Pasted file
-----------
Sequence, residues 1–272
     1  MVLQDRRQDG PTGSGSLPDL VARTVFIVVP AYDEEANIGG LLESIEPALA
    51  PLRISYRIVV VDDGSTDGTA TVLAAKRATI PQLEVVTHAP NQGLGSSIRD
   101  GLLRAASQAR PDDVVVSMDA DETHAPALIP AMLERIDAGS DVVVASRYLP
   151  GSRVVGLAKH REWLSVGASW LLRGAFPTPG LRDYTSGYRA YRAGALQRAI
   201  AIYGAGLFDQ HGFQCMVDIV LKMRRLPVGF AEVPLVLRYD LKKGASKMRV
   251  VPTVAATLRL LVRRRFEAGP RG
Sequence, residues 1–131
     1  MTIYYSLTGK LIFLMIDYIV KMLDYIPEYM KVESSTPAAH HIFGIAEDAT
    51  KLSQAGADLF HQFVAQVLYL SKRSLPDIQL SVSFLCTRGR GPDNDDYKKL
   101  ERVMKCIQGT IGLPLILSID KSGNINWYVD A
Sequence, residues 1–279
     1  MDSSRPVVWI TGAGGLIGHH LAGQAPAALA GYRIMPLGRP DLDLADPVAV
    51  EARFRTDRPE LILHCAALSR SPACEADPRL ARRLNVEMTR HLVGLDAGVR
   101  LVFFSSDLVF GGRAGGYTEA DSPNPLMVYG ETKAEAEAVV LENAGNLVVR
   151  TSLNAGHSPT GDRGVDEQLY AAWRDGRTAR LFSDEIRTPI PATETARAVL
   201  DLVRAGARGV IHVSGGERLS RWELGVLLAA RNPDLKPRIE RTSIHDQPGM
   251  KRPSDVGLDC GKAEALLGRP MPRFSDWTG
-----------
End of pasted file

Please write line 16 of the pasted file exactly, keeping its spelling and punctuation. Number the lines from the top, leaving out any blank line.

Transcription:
   151  TSLNAGHSPT GDRGVDEQLY AAWRDGRTAR LFSDEIRTPI PATETARAVL